Work Hard, Plant Hard

self care

Soil Aeration and Constipation

Christine K1 Comment

Yes. I did it. I went there--even rhymed. I’ve been dying to write this analogy, and so here it is.  

First, a bit on soil. In the early days of being a plant parent (cough, over a decade ago), I used to take the potting soil right out of the bag and repot my plants with it. No amendments at all. Most of them rotted. That’s when I started doing a deeper dive in to potting soil and found out that most of it is not ideal straight out of the bag. With the exception of some cactus mixes, the majority of plants will suffocate if you plant them directly in potting soil that is not amended.

The are so many options to choose from when it comes to potting soil. This is at my local nursery Barrels and Branches.

The are so many options to choose from when it comes to potting soil. This is at my local nursery Barrels and Branches.

Here’s my go-to potting soil. It contains: Aged Fir Bark, Sphagnum Peat Moss, Aged Redwood, Volcanic Pumice, Earthworm Castings, Washed Sand, Kelp Meal, Bat Guano, Feather Meal, Gypsum and Mycorrhizae. Oyster Shell Lime and Dolomite Lime are added as pH adjusters

Here’s my go-to potting soil. It contains: Aged Fir Bark, Sphagnum Peat Moss, Aged Redwood, Volcanic Pumice, Earthworm Castings, Washed Sand, Kelp Meal, Bat Guano, Feather Meal, Gypsum and Mycorrhizae. Oyster Shell Lime and Dolomite Lime are added as pH adjusters

I use EB stone cactus mix straight out of the bag. Contains: Pumice, Fir Bark, Aged Redwood and Sand. The sand keeps it nice and dry.

I use EB stone cactus mix straight out of the bag. Contains: Pumice, Fir Bark, Aged Redwood and Sand. The sand keeps it nice and dry.

There are so many different amendments to use. I love to use pumice because it works really well and is super easy. I also use perlite, which ideally should be rinsed before added. It has tiny little particles in it that can get sucked up by the roots and interfere with their ability to get what they really need. So it’s a bit higher maintenance. But I’ve got my routine down with it. Other additives I’ve used are vermiculite, orchid bark, hydroton/leca (clay pebbles) and coco coir. There are more not mentioned here. I love to play around with mixes, kind of like a chef in the kitchen.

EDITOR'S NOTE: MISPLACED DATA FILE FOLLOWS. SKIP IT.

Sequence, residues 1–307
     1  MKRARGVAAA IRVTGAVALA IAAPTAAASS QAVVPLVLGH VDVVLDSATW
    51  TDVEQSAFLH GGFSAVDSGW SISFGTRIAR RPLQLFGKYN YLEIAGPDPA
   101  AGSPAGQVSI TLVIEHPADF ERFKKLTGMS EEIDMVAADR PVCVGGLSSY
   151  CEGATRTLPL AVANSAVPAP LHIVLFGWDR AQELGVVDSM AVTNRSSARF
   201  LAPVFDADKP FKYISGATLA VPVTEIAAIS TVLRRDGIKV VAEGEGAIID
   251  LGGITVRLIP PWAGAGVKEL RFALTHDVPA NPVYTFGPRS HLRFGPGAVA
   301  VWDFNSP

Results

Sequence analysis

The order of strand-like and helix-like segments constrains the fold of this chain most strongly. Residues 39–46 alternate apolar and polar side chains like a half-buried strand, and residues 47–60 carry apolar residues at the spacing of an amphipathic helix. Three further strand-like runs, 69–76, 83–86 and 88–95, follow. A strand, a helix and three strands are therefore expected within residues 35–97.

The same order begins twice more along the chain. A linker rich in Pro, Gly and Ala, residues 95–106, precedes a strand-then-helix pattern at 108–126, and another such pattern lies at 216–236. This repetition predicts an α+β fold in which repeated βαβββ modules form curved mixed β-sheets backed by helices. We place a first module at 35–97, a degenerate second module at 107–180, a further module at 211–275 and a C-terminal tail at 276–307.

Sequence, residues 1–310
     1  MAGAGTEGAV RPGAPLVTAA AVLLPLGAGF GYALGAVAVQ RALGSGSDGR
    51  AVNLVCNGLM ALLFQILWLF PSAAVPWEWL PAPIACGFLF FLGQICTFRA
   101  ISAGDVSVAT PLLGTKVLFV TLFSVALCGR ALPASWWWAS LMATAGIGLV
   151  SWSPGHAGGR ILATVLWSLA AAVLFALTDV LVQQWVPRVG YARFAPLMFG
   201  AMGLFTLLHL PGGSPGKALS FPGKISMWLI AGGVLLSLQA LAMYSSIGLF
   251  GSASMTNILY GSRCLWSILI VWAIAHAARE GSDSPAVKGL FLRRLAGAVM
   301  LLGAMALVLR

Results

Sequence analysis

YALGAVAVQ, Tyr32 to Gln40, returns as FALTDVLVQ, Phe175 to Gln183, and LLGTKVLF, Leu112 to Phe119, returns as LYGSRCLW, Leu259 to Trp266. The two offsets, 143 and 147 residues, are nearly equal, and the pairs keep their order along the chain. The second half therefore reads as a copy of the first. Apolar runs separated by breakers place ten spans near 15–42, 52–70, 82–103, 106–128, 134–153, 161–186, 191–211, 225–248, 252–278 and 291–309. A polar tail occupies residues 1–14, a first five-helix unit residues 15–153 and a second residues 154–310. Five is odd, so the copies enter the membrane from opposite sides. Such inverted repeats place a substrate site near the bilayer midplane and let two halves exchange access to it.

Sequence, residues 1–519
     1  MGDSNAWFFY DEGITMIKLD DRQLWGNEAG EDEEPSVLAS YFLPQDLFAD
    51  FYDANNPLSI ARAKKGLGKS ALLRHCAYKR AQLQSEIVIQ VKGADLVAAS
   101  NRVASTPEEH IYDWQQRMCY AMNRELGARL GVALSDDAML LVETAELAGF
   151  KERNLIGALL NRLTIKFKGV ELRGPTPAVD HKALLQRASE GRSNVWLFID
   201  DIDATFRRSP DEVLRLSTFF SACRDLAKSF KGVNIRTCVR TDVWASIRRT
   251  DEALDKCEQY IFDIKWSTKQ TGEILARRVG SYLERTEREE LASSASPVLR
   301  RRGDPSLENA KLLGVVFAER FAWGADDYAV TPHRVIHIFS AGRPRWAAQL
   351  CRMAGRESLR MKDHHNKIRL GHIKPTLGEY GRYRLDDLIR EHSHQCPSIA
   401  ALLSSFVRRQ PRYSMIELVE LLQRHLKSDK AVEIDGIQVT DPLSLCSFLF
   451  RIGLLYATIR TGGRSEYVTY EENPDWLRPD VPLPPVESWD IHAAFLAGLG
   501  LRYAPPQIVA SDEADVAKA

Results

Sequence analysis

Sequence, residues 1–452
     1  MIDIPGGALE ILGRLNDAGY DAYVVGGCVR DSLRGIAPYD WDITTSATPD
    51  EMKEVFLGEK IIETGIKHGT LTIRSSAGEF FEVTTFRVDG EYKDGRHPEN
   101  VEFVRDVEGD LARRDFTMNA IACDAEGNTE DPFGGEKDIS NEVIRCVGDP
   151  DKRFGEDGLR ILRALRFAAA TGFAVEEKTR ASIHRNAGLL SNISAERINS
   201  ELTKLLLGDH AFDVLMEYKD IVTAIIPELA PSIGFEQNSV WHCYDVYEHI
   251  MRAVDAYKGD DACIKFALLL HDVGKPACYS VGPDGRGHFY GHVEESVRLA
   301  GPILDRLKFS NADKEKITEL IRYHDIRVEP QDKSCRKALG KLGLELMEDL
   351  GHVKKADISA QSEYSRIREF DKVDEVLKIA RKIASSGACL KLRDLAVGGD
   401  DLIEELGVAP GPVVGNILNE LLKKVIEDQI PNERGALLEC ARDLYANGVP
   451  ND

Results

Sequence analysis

Playing with soil amendments is like being a chef in the kitchen.

Playing with soil amendments is like being a chef in the kitchen.

Pumice is one of my favorite soil amendments. Pictured is General Pumice Products, a local company that sells online as well (www.GeneralPumiceProducts.com/order-here/). I was gifted this pumice but started using it well before I started blogging.

Pumice is one of my favorite soil amendments. Pictured is General Pumice Products, a local company that sells online as well (www.GeneralPumiceProducts.com/order-here/). I was gifted this pumice but started using it well before I started blogging.

And then we move in to the human analogy – bowels. Bowel function is such an important part of overall health, yet of course most people don’t regularly talk to each other about it the way we talk about sleep issues, muscle/joint aches, or skin problems to name a few. In my experience as a physician, I feel there’s an epidemic of constipation in our society. It affects women more than men, and tends to occur more in younger vs older women. I have theories about why this is but regardless, I have some tips that have worked for my patients and wanted to put them out in the blogosphere. But, I don’t have any photos of poop. Because, well, poop. :)

If you have inflammatory bowel disease (IBD) or diarrhea-predominant irritable bowel syndrome (IBS), these tips probably won’t be helpful for you. But if you find yourself backed up after 2-3 days of no bowel movement, sometimes causing abdominal pain, gas, and bloating, read on. Actually, read on anyway, since you probably have a friend with this problem and you might help them someday. The caveat here is that I encourage you to check with your doctor to investigate for things like thyroid problems or calcium abnormalities that could contribute to the constipation. But for most, those tests are normal. And then you’re left still wondering what to do, since many doctors don’t necessarily discuss the basics of bowel function with you.

We are born with a gastrocolic reflex. This reflex triggers the bowels, that are made up of (smooth) muscle to contract. The reflex typically occurs after eating – especially something with fat in it, and also with drinking a hot liquid. The reflex tends to be strongest in the morning. Often, if you have a soft reflex, you won’t “hear” it, especially if you’re rushing around trying to get out the door. It may not come back that day if you miss it. And so on goes the cycle.